In recapitulation, I would say, that if you consult the happiness of your country, you would not deliver it up into ihe hands of those who will enslave it, and destroy its rising prosperity purchased by so maný sacrifices. On the contrary, receiving for a sovereign a prince whoni France proposes, there will be no reason to dread the degradation of religioii. It may be confident of finding in bin the most solid supports exempt from that bigotry so huriful to all religion ; that liberal spirit, free from a licentiousness so 'contrary to the interest of every civilized 'state; all the qualities which can secure to South America complete prosperity, and, in a word, a prince, who, becoming an American, will have, and can have, no other object than to make agriculture, the arts, the sciences, and trade, to flourish, and by this means to secure the affection of his subjects,

I think, then, that in these circumstances it is necessary on the part of your government to make a speedy determination, in order not to let slip an opportunity more favourable than any that can present itself for its happiness, and the increase of its trade.

Although the foregoing article is in some measure a repetition of that we printed last- week, still our readers will no doubt feel satisfaction in re-perusing the official document itself. It now appears that it formed one of the causes of the late revolution in the government of Buenos Ayres, and will, we doubt not, prove useful in accelerating the downfall of that system, which it had vainly hoped to prop and perpetuate. The English ministers say, that they have had no official communication on the subject; and we are inclined to think that they never will have any, which they may be disposed to lay on the table of parliament. Every effort will be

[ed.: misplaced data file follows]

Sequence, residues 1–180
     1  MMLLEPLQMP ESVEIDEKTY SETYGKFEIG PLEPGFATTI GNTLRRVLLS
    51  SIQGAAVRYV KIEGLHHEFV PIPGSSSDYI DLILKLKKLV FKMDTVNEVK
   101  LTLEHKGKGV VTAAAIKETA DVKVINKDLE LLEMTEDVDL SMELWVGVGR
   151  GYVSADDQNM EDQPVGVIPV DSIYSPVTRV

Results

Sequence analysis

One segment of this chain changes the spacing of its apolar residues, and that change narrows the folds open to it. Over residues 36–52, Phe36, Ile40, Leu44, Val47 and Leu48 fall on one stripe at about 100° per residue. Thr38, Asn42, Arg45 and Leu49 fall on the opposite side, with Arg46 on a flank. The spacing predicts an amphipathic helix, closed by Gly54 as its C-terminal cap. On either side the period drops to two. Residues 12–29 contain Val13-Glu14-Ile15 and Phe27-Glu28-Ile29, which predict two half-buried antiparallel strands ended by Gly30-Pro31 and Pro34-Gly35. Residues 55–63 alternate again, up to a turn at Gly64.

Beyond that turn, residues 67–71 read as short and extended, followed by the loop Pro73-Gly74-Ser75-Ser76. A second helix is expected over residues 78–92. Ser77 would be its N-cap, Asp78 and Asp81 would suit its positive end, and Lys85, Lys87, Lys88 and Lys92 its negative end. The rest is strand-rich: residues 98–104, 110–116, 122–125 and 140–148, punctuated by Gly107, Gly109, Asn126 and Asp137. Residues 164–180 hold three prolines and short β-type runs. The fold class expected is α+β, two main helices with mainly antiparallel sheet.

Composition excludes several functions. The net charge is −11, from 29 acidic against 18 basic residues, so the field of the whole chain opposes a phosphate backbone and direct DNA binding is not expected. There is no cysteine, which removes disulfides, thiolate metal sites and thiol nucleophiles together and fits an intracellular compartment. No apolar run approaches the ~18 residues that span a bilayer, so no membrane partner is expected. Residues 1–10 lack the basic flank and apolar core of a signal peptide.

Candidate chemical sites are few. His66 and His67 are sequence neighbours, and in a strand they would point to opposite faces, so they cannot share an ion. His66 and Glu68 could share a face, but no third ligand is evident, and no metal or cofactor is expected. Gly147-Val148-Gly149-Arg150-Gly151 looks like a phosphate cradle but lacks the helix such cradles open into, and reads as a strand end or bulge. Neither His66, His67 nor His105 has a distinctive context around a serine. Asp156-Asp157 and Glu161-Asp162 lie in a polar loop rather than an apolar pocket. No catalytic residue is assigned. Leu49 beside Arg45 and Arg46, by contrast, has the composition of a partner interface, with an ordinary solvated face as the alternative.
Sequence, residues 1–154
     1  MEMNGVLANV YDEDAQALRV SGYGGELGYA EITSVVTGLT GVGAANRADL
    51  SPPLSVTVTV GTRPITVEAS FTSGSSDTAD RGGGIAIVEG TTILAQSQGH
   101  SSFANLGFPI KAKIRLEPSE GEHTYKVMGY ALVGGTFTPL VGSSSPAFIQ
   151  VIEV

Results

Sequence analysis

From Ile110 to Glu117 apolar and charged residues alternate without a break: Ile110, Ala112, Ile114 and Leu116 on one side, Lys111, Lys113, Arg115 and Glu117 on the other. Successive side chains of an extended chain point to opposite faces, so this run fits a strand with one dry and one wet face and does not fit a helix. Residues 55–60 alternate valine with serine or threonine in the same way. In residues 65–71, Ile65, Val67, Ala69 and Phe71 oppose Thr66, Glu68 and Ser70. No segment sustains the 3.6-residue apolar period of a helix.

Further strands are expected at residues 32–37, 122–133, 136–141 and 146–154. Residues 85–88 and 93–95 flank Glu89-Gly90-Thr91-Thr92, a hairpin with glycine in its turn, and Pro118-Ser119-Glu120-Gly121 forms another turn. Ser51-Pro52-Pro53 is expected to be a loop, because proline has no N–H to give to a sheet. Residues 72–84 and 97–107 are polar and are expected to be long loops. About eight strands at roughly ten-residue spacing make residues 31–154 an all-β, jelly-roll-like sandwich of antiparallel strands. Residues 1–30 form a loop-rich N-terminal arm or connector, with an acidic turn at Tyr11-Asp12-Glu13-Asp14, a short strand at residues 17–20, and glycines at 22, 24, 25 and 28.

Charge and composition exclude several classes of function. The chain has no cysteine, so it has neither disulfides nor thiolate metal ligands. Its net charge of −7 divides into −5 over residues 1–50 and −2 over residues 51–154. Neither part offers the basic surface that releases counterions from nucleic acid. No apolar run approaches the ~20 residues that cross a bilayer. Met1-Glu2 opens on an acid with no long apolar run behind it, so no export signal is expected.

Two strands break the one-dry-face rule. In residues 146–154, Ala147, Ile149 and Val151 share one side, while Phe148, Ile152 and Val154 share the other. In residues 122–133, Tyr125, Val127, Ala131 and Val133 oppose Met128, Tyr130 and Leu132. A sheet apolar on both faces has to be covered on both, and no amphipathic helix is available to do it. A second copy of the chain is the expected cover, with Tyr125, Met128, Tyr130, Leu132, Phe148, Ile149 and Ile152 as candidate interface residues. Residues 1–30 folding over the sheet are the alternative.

made to hush the subject now it has failed, and we shall hear nothing, but from the other side of the Atlantic. To us it appears a subject that must necessarily come under discussion by the Cortes of Spain; for, although Buenos Ayres has been long separated from that country, still the negotiation has the external appearance of being underhanded, as far as Spain was concerned. Religion was to have been the stepping stone to this new monarchy; and the French government knew well, that, although the thing is laughed out of France, there might be enough of it left in South America, to encourage their attempt to work upon it. The reader will mark the attempt of the French government to cry down the interests of the English nation, on the score of a differenoe in religion, and to raise the dying embers of popish bigotry against the heretical church of England. 'Tis religion that has been the cause of the continual broils that exist among nations. It was for the worship of Jehovah that the Jews extirpated so many tribes. It was for the worship of Mahomet that the Saracens and Turks made such havoc, throughout Asia, Africa, and Europe ; and were within a nicety of making the Mahometan religion universal to the then known world, and a fortunate circumstance it would have been: it depended on a single defeat that the Saracens met with in France, after they had overran Spain, Portugal, and the best part of Italy. It is the worship of Jesus, that has since that time, kept up a continual broil and war in Europe, Africa, and Asia. Since the time of Luther, we find the European Christians find cause for war in sectarianism; although they say there is no other road to eternal happiness but through their Man God, Jesus, still they cannot help cutting each other's throats when they are journeying the right road ; and cannot be called off from this horrid atrocity, but by the appearance of a party who have been travelling in some other road. , The Popish religion will never long thrive under a republican form of government, it is an utter impossibility: they are two emanations that cannot amalgamate. And we have no fear, that after the South American governments are fully revolutionized and established, on the republican and true representative basis, that there will be much of the poison of religion remaining amongst them. The earth has groaned under the curse of monarchical governments much too long. · Civilization has struggled against it almost in vain; and nature herself, seemed almost to despair of shaking it off. But the monarchical form of government is like every other vice, it will destroy itself in